This brings me to the two claims Maxons asserts in arbitration that must unquestionably be valued for jurisdictional amount purposes. The first claim is for money damages in the amount of $50,000. The second claim is for an injunction enforcing the restrictive covenant in the employment contract. If the value of that equitable relief is at least $25,000.01, the claims from plaintiff's standpoint exceed $75,000, and the jurisdictional amount has been demonstrated.
Analysis of the value of Maxons's claim for an injunction requires consideration of "the extent of the injury to be prevented" by enforcing the restrictive covenant in the employment contract. General Transportation Services, 2003 WL 21703635, at *2. The injunction, if granted by the arbitrators, would restrict Newman's business activities for a period of 30 months after September 17, 2003; but that future effect does not preclude a present valuation of Maxons's equitable claim. As noted, the Second Circuit has held that, in valuing a claim for injunctive relief for jurisdictional amount purposes, "the court may look not only at past losses but also at potential harm." A.F.A. Tours, 937 F.2d at 88.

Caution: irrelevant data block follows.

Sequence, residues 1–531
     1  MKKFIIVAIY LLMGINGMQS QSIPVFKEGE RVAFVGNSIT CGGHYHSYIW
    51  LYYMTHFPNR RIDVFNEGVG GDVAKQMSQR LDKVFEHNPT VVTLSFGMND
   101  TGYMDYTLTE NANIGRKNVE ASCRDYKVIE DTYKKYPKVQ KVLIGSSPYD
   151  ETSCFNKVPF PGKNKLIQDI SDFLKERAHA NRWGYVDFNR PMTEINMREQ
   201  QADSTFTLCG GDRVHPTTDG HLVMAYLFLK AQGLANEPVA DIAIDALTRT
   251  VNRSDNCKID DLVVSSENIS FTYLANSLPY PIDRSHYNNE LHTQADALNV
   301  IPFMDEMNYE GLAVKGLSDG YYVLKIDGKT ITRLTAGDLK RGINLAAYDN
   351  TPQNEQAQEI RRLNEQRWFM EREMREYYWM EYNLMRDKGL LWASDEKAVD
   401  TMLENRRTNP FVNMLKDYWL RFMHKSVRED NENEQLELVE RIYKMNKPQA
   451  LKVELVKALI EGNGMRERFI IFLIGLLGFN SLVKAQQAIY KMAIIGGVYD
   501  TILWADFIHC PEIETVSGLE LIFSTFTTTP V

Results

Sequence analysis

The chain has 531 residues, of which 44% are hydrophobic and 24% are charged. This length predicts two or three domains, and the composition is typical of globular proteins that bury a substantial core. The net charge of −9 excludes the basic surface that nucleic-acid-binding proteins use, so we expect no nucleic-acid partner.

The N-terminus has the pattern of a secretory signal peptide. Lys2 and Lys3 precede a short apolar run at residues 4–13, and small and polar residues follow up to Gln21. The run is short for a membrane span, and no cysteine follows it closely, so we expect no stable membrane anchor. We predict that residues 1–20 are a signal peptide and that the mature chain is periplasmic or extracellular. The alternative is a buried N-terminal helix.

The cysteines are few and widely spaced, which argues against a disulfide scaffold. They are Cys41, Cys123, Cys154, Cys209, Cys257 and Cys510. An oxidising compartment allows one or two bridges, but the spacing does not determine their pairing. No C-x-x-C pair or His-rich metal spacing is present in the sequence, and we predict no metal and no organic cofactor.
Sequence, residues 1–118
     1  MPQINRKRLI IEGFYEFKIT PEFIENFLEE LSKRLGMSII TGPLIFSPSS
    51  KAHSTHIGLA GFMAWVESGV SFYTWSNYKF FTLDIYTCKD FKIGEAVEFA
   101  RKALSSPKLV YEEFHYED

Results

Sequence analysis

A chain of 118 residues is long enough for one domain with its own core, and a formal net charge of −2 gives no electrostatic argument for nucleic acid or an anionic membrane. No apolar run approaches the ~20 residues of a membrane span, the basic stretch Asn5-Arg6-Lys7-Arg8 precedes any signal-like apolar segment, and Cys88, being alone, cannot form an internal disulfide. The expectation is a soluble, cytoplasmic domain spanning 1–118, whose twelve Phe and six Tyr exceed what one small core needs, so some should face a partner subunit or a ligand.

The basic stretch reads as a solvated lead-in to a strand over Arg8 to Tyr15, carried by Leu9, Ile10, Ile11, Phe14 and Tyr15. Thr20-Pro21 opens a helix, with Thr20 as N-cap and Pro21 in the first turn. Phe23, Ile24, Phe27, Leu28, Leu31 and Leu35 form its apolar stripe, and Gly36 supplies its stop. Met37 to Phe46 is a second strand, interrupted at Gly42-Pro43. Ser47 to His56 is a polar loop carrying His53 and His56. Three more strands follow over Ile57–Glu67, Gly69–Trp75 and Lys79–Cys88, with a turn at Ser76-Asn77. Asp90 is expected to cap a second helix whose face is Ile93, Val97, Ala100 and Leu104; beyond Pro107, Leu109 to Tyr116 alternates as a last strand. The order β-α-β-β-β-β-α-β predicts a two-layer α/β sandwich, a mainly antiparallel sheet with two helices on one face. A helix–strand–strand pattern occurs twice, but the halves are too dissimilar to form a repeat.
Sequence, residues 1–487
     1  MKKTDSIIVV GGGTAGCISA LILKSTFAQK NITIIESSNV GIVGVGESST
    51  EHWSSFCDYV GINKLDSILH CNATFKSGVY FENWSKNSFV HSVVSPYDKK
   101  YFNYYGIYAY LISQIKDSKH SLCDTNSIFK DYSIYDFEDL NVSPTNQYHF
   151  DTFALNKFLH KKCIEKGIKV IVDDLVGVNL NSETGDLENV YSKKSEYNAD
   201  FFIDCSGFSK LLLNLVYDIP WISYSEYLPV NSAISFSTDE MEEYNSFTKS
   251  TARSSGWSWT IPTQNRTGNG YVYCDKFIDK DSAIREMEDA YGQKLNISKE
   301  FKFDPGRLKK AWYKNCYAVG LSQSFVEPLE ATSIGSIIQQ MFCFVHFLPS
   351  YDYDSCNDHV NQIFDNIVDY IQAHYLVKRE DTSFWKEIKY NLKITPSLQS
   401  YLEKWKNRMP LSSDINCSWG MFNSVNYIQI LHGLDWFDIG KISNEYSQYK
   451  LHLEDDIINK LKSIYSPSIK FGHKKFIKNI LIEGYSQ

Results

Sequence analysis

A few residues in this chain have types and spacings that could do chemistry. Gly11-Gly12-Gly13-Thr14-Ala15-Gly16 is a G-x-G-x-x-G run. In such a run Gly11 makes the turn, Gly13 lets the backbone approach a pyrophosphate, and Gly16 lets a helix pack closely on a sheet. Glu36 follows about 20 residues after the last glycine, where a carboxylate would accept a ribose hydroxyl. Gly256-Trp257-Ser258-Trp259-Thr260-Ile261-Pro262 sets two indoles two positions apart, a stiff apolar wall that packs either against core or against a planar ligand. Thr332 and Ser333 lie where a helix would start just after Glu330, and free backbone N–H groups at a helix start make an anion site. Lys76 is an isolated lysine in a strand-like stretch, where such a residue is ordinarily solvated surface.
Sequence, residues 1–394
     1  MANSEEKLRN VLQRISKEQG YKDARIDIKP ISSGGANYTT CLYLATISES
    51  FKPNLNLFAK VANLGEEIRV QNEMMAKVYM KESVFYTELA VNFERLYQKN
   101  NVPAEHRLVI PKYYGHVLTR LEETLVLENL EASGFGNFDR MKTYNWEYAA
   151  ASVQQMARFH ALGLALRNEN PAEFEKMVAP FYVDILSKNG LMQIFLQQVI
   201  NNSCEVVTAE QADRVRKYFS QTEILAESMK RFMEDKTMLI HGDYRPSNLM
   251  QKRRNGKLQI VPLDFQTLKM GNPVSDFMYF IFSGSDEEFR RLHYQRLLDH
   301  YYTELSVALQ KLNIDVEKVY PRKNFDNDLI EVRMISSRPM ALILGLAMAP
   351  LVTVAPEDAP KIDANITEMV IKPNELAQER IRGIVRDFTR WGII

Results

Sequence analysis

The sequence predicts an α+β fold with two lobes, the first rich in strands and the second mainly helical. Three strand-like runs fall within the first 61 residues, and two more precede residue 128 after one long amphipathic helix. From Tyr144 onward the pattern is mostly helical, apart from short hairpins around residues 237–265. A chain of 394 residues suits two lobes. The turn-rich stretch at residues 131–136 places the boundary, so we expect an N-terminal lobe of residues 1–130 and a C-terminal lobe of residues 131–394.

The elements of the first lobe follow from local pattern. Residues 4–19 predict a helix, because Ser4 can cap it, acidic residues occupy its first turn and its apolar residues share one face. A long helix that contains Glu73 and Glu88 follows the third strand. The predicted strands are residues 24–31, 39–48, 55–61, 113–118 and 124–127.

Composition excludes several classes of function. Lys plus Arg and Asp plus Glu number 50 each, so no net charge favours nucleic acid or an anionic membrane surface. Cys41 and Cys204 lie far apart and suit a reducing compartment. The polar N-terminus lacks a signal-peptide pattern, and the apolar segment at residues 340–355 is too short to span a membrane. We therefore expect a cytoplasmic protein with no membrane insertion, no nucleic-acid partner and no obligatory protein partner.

The "potential harm" that Maxons seeks to prevent by restricting Newman's business activities is perfectly obvious: Maxons does not want to lose business to United, a direct competitor and Newman's present employer. During the hearing, Maxons's counsel seemed to suggest that the company's claim against Newman was motivated solely by a desire, as a sort of *484 private attorney general, to uphold the sanctity of contracts for the greater good of the community. I think it plain that Maxons is acting to protect its own economic interests. Moreover, Maxons's concern is understandable. Newman began his employment with Maxons in January 2000. Between that date and his termination on September 17, 2003, Newman undoubtedly became familiar with Maxons's present clients, future prospects, and business strategies in the conduct of post-casualty property restoration. Newman is now working for United, a direct competitor, active in geographical areas where Maxons also does business. Common sense mandates the conclusion that the potential harm to Maxons inherent in Newman's employment by United for the next two years is at least $25,000.01. Indeed, it is far more than that. The sort of "property damage restoration" engaged in by Maxons is expensive. A single building casualty of any dimension would run up a restoration cost of at least $25,000.01 in the twinkling of an eye (with the bill presumably being presented to the insurance company issuing the homeowner's policy). So the potential diversion by Newman of only one restoration project from Maxons to United during the next two years establishes the jurisdictional amount; but the potential loss to Maxons is clearly greater than that.